Selig and Weiner

Labor talks: Now baseball is just rubbing it in


The NFL labor situation turned apocalyptic on Friday, with talks breaking off, lawsuits being filed and rhetoric being unleashed that will take months to walk back before real progress can be made.  In light of this, it’s almost as if baseball is gloating, what with it being ahead of schedule in its efforts to get a new collective bargaining agreement in place. Barry Bloom of

The second round of collective bargaining between officials for Major League Baseball and the Players Association will occur sometime during the next few weeks in the Phoenix area, Michael Weiner, the union’s executive director, said on Sunday morning after meeting with the Rangers.

The two sides had an amicable meeting in Florida on March 2, and Weiner said he hopes that regular sessions occur once the season begins on March 31.

“In 2006 we didn’t really get into that sort of rhythm until sometime in June,” Weiner said. “I think we’ll be able to do that sooner this time.”

Both Weiner and Bud Selig wax cautiously yet optimistically, citing that “whole range of issues” thing we’ve heard before as opposed to anyone citing one issue that looks to be a sticking point.  Indeed, the lack of a single contentious issue is probably the biggest reason we’ll get a new CBA with very little strife.

Which has me rather contemplative about Bud Selig’s legacy.  The 1994-95 work stoppage that cost us the World Series is, in my view, primarily his doing and it should be in the first paragraph of his Hall of Fame plaque that — whether we like it or not — he will almost certainly be given one day.

But at the same time, he has also presided over what has been an unprecedented era of labor peace. At least unprecedented since the days when the owners treated players like chattel and the players didn’t say much about it.  Assuming this deal gets done, the game will have gone over 20 years without a work stoppage and over 12 years since there was even any contentiousness to speak of.

Bud can’t be forgiven for the strike.  But the hard lesson he learned from it has certainly informed his approach since then. And that’s to his credit, I think.

Theo Epstein on sportswriters: “The life of a sportswriter is pretty lonely. You kind of work by yourself, sit there by yourself…”

CHICAGO, ILLINOIS - OCTOBER 07:  Chicago Cubs general manager Theo Epstein stands on the field during batting practice before the game between the Chicago Cubs and the San Francisco Giants at Wrigley Field on October 7, 2016 in Chicago, Illinois. (Photo by Jonathan Daniel/Getty Images)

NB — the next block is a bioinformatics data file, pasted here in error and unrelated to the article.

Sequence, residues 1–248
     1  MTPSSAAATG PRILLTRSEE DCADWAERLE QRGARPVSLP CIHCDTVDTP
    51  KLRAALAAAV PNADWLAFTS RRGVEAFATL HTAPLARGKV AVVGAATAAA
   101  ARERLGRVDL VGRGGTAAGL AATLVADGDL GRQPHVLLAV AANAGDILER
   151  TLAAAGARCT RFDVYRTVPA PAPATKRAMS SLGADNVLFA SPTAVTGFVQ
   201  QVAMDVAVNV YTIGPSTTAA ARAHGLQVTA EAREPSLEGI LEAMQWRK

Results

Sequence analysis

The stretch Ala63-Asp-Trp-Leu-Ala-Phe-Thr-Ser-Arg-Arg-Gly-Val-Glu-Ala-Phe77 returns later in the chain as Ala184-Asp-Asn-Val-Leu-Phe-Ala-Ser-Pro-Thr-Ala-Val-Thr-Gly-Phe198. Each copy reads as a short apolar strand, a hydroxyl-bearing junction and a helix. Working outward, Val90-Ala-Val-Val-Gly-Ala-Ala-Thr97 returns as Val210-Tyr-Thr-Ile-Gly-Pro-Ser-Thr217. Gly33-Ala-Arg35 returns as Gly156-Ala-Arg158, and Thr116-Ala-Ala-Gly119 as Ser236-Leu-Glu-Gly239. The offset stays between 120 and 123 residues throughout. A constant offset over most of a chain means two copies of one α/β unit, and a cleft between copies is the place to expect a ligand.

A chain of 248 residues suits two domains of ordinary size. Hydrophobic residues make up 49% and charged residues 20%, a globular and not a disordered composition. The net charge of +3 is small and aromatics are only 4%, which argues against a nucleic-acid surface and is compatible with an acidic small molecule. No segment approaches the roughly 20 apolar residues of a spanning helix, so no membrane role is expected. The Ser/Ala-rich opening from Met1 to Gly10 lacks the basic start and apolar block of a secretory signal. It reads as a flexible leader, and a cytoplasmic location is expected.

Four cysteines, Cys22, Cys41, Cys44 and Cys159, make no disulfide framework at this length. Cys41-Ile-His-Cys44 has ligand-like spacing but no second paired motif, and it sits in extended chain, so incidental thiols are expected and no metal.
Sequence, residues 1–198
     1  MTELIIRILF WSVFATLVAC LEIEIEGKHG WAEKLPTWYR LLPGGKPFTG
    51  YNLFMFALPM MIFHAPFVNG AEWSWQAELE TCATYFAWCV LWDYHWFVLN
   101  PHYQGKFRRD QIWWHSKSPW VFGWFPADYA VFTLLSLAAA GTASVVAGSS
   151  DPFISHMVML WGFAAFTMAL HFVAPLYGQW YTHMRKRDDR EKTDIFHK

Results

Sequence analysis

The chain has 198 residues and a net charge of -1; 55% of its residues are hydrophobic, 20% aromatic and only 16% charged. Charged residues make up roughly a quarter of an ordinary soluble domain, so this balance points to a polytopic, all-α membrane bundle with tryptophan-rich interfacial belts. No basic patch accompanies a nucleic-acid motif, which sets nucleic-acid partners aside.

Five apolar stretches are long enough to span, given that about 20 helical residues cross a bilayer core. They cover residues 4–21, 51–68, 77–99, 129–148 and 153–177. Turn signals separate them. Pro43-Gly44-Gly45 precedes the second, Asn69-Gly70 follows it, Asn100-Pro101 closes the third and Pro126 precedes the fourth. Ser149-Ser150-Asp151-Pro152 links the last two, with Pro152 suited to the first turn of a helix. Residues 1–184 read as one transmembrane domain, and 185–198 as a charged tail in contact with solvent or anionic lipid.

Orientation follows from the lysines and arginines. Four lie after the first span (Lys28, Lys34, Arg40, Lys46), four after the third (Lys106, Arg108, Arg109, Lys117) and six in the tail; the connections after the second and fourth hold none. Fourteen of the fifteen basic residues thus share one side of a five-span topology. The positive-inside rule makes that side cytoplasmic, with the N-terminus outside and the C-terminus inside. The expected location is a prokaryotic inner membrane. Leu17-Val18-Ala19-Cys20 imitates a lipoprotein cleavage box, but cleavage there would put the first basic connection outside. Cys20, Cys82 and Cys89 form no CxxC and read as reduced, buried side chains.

Jonathan Daniel/Getty Images

Rick Morissey of the Chicago Sun-Times published an article on Sunday giving a bit of insight into Cubs president of baseball operations Theo Epstein. When Epsten was younger, he dabbled in sportswriting, but quickly realized the trade wasn’t for him.

As Morissey details, when Epstein was 19 years old writing for Yale’s student newspaper, he wrote an article suggesting the school’s football coach should be fired during what would become a 3-7 season. Epstein was told during the meeting that one writer would defend the coach and one would call for his job. “It was a lesson in the way that the world of journalism sometimes works. It was an eye-opener for me. I regret it, and I’ve happily moved on.”

Epstein continued, “I realized I didn’t want to be a sportswriter when I was interning with the Orioles back in ’92, ’93, ’94. I did do a lot of media-relations stuff, and I saw that the life of a sportswriter is pretty lonely. You kind of work by yourself, sit there by yourself in the press box, go back to the hotel bar. Not to generalize.” He added, “But I really respect writing and respect sportswriters.”

He’s not wrong, and he seems to have found his calling as a front office executive. His Cubs are back in the World Series for the first time since 1945.

Jason Kipnis injured his ankle celebrating the pennant with Francisco Lindor

TORONTO, ON - OCTOBER 17:  Jose Ramirez #11, Francisco Lindor #12, Jason Kipnis #22 and Mike Napoli #26 of the Cleveland Indians celebrate after defeating the Toronto Blue Jays with a score of 4 to 2 in game three of the American League Championship Series at Rogers Centre on October 17, 2016 in Toronto, Canada.  (Photo by Vaughn Ridley/Getty Images)
Vaughn Ridley/Getty Images

Indians second baseman Jason Kipnis tweeted on Sunday, “Got a little too close to [Francisco Lindor] during the celebration!! Freak accident but should be good to go by Tuesday! #cantkeepmeoutofthisgame!”

Per’s Jordan Bastian, manager Terry Francona said Kipnis is dealing with a low ankle sprain, but he’s expected to be ready to go when the World Series begins on Tuesday. Kipnis went through fielding drills on Sunday.

Kipnis is hitting .167/.219/.367 with a pair of homers and four RBI in eight games this postseason.